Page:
Plausible Origin of the Grays


While reports of the Grays have circulated in the UFO and conspiracy-theory community for decades, their origin is often associated with the 1961 Betty and Barney Hill abduction claim.[i] Because the media began to report on the alleged creatures after the Hill claim, the UFO community has assumed that the Grays are a recent phenomenon. However, that is not the case. The first appearance of the Grays can be traced as far back as 1891, decades before the post-1947 UFO wave. Almost 125 years ago Kenneth Folingsby published a book titled Meda: A Tale of the Future.[ii] The book, which derived from the author’s visions of the future while in a coma, described “tiny gray men with heads shaped like hot air balloons.” Soon thereafter readers were fascinated by what the human species might look like after millions of years of evolution. In 1893 H. G. Wells wrote a short article titled “The Man of the Year Million” in which he speculated on that subject. Wells imagined human beings as having no hair, mouth, or nose, but they would have an enormous light-bulb-shaped head and a small body.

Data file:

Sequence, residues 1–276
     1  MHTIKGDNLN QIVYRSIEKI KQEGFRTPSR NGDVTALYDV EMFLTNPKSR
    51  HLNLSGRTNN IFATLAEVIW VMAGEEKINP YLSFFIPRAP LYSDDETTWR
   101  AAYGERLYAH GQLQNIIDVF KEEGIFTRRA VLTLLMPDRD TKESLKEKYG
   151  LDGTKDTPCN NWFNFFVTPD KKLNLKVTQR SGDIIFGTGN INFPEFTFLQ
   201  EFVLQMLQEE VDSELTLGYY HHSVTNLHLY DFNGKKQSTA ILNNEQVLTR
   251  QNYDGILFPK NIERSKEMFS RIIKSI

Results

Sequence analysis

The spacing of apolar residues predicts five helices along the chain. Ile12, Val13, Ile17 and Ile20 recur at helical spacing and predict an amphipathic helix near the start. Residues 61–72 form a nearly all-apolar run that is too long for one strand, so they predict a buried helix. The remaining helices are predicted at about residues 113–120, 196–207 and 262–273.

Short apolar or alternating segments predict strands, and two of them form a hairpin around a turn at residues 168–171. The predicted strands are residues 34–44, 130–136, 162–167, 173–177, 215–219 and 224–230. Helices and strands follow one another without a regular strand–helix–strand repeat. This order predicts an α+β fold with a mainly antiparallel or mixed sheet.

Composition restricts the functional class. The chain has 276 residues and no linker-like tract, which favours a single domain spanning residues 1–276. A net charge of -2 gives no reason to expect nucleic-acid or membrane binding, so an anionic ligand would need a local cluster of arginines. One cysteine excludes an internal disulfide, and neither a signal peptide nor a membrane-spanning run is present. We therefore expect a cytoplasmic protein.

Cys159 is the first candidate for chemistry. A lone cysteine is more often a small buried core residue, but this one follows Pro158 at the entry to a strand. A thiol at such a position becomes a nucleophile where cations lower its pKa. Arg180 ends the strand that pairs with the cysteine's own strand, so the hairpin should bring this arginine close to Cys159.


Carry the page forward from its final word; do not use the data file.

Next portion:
Wells also published The War of the Worlds in 1897. His representation of Martians in that novel, according to a biography, was a convergence of pure imagination and Wells’s research on evolution. He depicted Martians as having enlarged heads because they supposedly were a more intelligent race than humans. Furthermore, according to Wells, the Martians had large eyes, no nose or ears, and very small mouths. He also envisioned Martians as communicating telepathically with each other to eliminate all misunderstanding, a trait that remarkably has been reported by alleged abductees.

In the 1930s and 40s, once again before the UFO wave, little gray aliens were a staple feature of many comic books such as Amazing Stories, Wonder Stories, and Science Wonder Stories. During this era when comic books were having a large impact on society, many of the tales they published concerned gray “visitors from space.”

[i] Betty and Barney Hill. University of New Hampshire Library.

[ii] “A Media History of Gray Aliens.”

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